Repairing the Damage from the Fossil Fuel Industry

For more than 150 years, Appalachia has provided the cheap energy that has powered the nation’s industrial growth and helped construct the middle class. But Appalachian communities have not fueled our nation’s prosperity without a cost—thousands of environmental hazards, remnants of our region’s legacy of extractive industries, burden our land. Abandoned mine lands, orphaned oil and gas wells, and coal ash disposal sites deter development, hurt ecosystems, contribute to the climate crisis, and threaten the health and safety of nearby people. 

Cleaning up these hazardous sites presents a huge economic opportunity for the region. Developing pathways to address the environmental and public health issues of abandoned mine lands and orphan wells would create more than 30,000 well-paying, local jobs, stemming climate change, protecting our communities, and ensuring the health of future generations to come.

Abandoned Mine Lands

Appalachia is home to thousands of Abandoned Mine Land (AML) sites that threaten nearby residents, deter development, harm ecosystems, and emit climate-warming greenhouse gas emissions. Cleaning up these wells is an environmental and public health necessity. If federal funding is allocated effectively, it could also be a huge economic opportunity for our region.

Abandoned Oil & Gas Wells


Hundreds of thousands of orphan oil and gas wells across the Ohio River Valley region threaten communities and the environment with harmful air and water pollution and climate-warming emissions. Federally funded programs to clean up these environmental liabilities could create tens of thousands of well-paying jobs each year, research shows.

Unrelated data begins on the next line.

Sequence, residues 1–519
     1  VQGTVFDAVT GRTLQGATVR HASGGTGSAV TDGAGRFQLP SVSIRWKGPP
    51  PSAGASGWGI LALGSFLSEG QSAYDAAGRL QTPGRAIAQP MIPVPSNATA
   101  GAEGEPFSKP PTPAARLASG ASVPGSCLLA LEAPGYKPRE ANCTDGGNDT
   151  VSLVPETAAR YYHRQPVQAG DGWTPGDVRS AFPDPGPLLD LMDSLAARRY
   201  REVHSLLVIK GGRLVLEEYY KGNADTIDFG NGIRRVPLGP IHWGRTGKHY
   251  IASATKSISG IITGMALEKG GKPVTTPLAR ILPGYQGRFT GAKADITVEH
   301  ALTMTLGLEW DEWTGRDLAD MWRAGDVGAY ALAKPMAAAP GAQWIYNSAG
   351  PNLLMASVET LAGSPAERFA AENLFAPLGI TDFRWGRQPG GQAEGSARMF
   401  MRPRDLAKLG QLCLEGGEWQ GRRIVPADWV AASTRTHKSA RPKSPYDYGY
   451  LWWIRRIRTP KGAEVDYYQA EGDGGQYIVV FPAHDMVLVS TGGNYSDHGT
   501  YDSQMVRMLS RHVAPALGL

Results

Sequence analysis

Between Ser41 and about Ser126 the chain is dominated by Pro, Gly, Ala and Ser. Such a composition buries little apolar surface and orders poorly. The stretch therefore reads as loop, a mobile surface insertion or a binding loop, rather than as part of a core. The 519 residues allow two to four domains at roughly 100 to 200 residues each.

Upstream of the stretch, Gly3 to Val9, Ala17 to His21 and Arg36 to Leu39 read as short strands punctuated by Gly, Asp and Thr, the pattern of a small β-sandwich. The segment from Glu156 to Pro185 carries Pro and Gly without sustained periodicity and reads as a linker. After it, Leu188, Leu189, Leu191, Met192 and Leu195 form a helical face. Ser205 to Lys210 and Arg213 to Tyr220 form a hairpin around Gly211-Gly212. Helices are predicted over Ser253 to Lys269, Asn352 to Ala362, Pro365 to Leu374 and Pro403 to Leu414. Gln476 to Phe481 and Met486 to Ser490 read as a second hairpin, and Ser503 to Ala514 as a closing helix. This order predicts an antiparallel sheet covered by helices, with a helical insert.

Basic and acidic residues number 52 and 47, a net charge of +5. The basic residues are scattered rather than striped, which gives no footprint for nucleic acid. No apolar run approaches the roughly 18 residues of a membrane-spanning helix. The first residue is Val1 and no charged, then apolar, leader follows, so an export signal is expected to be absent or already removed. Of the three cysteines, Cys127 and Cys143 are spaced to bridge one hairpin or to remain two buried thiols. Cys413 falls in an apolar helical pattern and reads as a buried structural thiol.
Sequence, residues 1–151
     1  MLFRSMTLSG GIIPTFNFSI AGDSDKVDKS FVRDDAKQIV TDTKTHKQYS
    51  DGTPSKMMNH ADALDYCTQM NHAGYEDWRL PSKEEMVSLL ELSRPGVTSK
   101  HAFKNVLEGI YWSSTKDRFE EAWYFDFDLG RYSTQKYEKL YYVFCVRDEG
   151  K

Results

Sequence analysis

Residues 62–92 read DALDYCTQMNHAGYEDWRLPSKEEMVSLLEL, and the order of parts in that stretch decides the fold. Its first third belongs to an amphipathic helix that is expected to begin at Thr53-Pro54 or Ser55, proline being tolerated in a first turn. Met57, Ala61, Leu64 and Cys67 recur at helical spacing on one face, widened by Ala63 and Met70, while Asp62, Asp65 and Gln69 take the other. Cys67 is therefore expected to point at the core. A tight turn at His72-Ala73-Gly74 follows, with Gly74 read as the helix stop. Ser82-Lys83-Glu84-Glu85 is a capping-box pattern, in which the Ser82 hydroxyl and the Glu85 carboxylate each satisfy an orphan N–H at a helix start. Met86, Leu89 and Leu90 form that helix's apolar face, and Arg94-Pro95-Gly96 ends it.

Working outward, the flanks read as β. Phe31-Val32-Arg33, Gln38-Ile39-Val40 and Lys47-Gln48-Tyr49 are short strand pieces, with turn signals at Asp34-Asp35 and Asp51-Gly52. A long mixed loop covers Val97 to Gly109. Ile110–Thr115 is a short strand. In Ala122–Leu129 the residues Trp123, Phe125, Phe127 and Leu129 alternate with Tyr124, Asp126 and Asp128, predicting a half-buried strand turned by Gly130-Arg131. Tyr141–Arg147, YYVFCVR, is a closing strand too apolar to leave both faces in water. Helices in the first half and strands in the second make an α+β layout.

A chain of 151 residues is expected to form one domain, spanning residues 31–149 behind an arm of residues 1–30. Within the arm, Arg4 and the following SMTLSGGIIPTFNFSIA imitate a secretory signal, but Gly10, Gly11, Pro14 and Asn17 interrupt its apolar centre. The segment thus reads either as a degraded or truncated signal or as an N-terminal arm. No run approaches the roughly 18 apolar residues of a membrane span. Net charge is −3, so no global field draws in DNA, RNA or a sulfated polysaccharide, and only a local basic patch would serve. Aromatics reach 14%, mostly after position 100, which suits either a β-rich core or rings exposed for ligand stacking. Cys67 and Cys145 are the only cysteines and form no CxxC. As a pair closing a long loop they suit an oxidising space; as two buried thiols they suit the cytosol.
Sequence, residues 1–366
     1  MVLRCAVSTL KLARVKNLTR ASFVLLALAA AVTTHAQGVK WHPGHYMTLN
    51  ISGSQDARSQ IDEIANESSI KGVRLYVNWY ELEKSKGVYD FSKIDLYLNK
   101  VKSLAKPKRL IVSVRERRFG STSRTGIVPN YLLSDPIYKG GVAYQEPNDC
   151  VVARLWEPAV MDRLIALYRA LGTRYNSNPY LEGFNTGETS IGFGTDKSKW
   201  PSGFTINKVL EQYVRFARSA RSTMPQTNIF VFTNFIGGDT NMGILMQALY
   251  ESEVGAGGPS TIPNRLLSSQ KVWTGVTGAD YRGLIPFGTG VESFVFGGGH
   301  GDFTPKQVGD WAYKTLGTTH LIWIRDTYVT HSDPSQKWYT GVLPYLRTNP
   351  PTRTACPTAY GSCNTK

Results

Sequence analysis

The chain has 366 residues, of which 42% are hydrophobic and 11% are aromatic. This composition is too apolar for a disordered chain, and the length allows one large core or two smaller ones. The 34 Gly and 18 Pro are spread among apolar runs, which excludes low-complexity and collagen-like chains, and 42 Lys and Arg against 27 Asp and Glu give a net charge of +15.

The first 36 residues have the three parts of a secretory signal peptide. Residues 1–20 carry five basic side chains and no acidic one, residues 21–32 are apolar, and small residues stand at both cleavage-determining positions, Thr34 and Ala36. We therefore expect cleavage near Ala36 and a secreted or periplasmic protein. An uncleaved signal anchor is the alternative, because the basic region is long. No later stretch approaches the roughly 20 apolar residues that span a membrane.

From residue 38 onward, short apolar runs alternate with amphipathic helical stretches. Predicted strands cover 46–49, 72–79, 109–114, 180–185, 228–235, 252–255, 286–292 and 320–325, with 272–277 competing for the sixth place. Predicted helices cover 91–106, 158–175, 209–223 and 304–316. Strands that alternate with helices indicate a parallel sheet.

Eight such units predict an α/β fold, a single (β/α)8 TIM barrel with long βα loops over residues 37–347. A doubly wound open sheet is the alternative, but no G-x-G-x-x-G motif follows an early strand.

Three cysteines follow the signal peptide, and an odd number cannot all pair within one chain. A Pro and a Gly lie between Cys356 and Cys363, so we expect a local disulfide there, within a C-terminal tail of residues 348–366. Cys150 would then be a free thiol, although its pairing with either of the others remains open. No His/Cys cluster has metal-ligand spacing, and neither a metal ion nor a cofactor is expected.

Coal Ash

Coal-fired power plants leave behind hazardous coal ash, one of the largest waste streams in the US. There are more than 160 coal ash disposal sites in the Ohio Valley. Many of these toxic sites are located along major rivers, posing serious risks to public health and the environment. 


Cleaning Up the Land, Air, and Water Damaged by the Coal Industry Before 1977

Cleaning up Appalachia’s thousands of acres of abandoned mine lands could create jobs, reduce climate-warming emissions, improve quality of life, and minimize environmental damage.

Cleaning Up Hazardous Coal Ash Can Create Jobs and Improve the Environment

Cleaning up hazardous coal ash sites in the Ohio Valley can alleviate environmental and public health threats and create jobs.

 All research on Repairing the Damage:

2023 in Review

2023 in Review

Together, a more prosperous, sustainable, and equitable Appalachia is possible. That’s the vision that has geared our data-driven research, guided our outreach and campaigns, and grounded our work in the region’s community and culture ever since the Ohio River Valley...

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Federal Orphan Well Funding, Explained

Federal Orphan Well Funding, Explained

  At the end of January, the Biden administration and the US Department of Interior (DOI) announced the first round of $1.15 billion in funding from a new federal orphaned well program to plug, remediate, and reclaim oil and gas wells. As part of the 2021...

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